Set between the mid-1950s to the early 1960s, “SYLVIA” told the story of Plath’s marriage to fellow poet, British-born Ted Hughes, their tumultuous relationship and her struggles to maintain a career. The movie’s revelation of the Plath/Hughes courtship, followed by their marriage turned out to be very interesting and rather intense. “SYLVIA” also did an excellent job in re-capturing the literary and academic world in both the United States and Great Britain that Plath and Hughes interacted with during the 1950s and early 1960s.

I suspect that many had expected John Brownlow’s screenplay to take sides in its portrayal of the couple’s problems and eventual breakup. To Brownlow and director Christine Jeffs’ credit, the movie avoided this route. There were no heroes/heroines and villains/villainesses in their story . . . just two people who had failed to create a successful marriage. “SYLVIA” revealed that Hughes’ infidelity with married writer and poet, Assia Wevill, the critical indifference of the male-dominated literary world and her own bouts with depression made life difficult for Plath during her last years. At the same time, the movie made it clear that Hughes struggled to deal with a depressed and suicidal wife. In the end, the movie presented the possibility that both Plath and Hughes had contributed their breakup.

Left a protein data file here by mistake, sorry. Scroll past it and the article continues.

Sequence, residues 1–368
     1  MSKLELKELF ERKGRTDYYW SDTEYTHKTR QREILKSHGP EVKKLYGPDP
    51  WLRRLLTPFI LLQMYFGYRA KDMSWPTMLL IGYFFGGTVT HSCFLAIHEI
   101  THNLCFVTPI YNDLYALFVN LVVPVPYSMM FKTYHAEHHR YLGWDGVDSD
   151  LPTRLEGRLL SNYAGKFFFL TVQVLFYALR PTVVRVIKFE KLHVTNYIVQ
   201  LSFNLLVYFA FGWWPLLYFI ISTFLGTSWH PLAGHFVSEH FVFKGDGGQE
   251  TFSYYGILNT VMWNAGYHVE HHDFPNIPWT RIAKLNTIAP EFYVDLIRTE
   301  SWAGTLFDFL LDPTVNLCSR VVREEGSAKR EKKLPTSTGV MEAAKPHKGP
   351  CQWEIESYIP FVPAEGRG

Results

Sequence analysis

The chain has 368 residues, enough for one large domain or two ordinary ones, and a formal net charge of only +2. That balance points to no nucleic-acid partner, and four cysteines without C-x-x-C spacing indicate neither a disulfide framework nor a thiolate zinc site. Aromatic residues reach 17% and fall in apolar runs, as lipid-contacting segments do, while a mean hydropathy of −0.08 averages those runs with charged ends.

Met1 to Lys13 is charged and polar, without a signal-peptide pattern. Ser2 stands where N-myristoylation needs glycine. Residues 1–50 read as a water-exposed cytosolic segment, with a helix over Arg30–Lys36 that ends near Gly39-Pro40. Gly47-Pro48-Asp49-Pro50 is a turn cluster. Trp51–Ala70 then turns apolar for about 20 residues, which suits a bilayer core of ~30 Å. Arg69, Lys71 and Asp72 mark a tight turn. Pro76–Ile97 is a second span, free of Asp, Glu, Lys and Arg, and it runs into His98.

To be honest, I think that Gwyneth Paltrow and Daniel Craig’s performances as Sylvia Plath and Ted Hughes had more to do with the movie’s main virtue than Jeffs’ direction or Brownlow’s script. director, Christine Jeffs or the screenwriter, John Brownlow. Also, the movie featured some first-rate performances from the supporting cast. All of them – Jared Harris as poet/literary critic Al Alvarez; Blythe Danner as Aurelia Plath, Sylvia’s mother; Amira Casar as Wevill; and Michael Gambon as Teacher Thomas, a neighbor of Sylvia’s; gave able support. But it is obvious that this movie belonged to Paltrow and Craig, who conveyed the intensity of the Plath/Hughes marriage with an honesty and rawness that I sometimes found hard to bear.

But even those two were not able to save the movie’s last half hour from almost sinking into an abyss of unrelenting boredom. I suspect that Jeffs and Brownlow wanted to give moviegoers an in-depth look at Plath’s emotional descent into suicide, following the break-up of her marriage to Hughes. But I wish they could have paced the movie’s ending a little better than what had been shown in the finale. The movie’s last half hour nearly dragged the story to a standstill.

Despite the last half hour, I would still recommend “SYLVIA”. In the end, it turned out to be a pretty interesting look into the marriage of the two famous poets, thanks to director Christine Jeffs, John Brownlow’s screenplay and a first-rate cast. But I believe that performances of both Gwyneth Paltrow and Daniel Craig proved to be the best aspects of the film.